In Oxfordshire we’re a bit short of Country Parks, but luckily we’re near enough the border of several counties so can easily get to them elsewhere. This half term I found Irchester Country Park, just outside Wellingborough, and suggested a trip there to N. He was keen because any chance he gets to ride his bike he’s happy.
Being the other side of Northampton it did mean a bit of a journey, but is definitely worth it. We didn’t even explore much as we didn’t have much time, but Irchester Country Park is definitely somewhere we want to return another time, preferably in warmer weather.
N decided not to take his bike out in the end. The playground was calling, and any time I mention a walk around the tails he’ll try and get out of it. There are 3 trails at Irchaster, from one great for smaller children, to the largest for more hardcore walkers. The map of the trails is clear on the sign, and it looked like you could pick up a map at the ranger’s hut. There were also meant to be Halloween walks. There was a sign saying pick them up at the nature shed, but given we had no idea where that was, we didn’t find them until we went for a hot drink before we left and spotted them at the takeaway café stand.
There’s a couple of car parks at Irchester Country Park. The lower one is small, with space for about 8-9 cars (if they park well), and overflow car parks in fields. It obviously gets busy in summer.
There’s a café and a takeaway stall café, selling ice creams, burgers, pastries, hot drinks and more. The burgers looked really good, but it was a bit early for lunch for us, so we just had a hot chocolate each – definitely needed in the cold weather.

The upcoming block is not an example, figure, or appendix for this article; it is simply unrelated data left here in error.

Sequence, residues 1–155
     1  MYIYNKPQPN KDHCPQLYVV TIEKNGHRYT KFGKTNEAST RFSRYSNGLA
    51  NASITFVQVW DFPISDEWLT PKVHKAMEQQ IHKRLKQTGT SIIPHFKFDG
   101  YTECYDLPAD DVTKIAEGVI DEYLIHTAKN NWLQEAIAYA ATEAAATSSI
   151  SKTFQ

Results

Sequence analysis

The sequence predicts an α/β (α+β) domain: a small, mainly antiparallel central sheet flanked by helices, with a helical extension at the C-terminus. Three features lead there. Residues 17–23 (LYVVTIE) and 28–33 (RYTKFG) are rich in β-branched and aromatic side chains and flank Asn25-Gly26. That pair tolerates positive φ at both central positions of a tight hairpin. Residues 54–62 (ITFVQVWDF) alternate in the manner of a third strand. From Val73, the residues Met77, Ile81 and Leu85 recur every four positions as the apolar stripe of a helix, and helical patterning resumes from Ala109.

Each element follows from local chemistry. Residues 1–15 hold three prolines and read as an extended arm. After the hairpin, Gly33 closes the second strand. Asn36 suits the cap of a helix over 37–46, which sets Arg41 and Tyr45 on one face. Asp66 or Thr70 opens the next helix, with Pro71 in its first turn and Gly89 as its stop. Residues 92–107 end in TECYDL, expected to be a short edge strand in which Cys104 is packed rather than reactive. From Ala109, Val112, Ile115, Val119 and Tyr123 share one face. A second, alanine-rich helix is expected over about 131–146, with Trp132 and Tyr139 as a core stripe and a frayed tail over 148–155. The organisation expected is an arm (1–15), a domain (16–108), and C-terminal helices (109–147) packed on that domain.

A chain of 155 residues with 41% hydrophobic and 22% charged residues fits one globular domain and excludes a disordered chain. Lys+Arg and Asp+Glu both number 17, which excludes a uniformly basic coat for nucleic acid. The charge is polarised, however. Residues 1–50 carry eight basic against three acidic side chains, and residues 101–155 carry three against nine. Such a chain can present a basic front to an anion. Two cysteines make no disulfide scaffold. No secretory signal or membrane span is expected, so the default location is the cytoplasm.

The playground is really good and N enjoyed a good hour on it. Catering for all ages from tots to older primary there’s the usual wooden playhouses, climbing frames and slides. Along with an obstacle/balancing course that was a bit tired – N amusingly took the lazy way walking on the chains hanging on the ground!
One of my favourites, and N’s, was the find of a wooden outdoor xylophone that was actually tuned (except for a dubious flat A). We spent some time with a twig bashing out ‘tunes’ with N testing me on the notes. It was a shame the beaters had either been taken by someone or removed for safety reasons. There weren’t many options for sticks to use, although going for a walk further than the playground might have netted us some options.
Alongside the playground there’s a woodland wires course. One for children and another for older children and adults. There are clear height markers so it’s easy to see which your children are tall enough for. N really wanted to give it a go, but unfortunately the next slot was booked by a party (who then didn’t turn up when we were still there), so we weren’t going to be hanging around for long enough. It just means we’ll have to return another time for him to have a go.
It was only a fairly fleeting visit, but it’s another country park on our list of places to return to – especially once the spring comes and it’s warmer to stay for longer.
Are your children fans of high ropes or wires courses?
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